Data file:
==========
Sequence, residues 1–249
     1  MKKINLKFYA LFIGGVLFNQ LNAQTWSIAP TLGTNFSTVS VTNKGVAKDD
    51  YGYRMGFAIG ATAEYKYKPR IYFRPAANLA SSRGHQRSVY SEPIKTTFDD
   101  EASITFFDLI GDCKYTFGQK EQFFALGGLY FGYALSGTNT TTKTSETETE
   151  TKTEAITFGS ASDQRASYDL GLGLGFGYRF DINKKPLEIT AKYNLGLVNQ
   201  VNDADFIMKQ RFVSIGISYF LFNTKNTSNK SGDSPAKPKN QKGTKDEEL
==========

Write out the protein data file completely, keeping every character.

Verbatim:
Sequence, residues 1–249
     1  MKKINLKFYA LFIGGVLFNQ LNAQTWSIAP TLGTNFSTVS VTNKGVAKDD
    51  YGYRMGFAIG ATAEYKYKPR IYFRPAANLA SSRGHQRSVY SEPIKTTFDD
   101  EASITFFDLI GDCKYTFGQK EQFFALGGLY FGYALSGTNT TTKTSETETE
   151  TKTEAITFGS ASDQRASYDL GLGLGFGYRF DINKKPLEIT AKYNLGLVNQ
   201  VNDADFIMKQ RFVSIGISYF LFNTKNTSNK SGDSPAKPKN QKGTKDEEL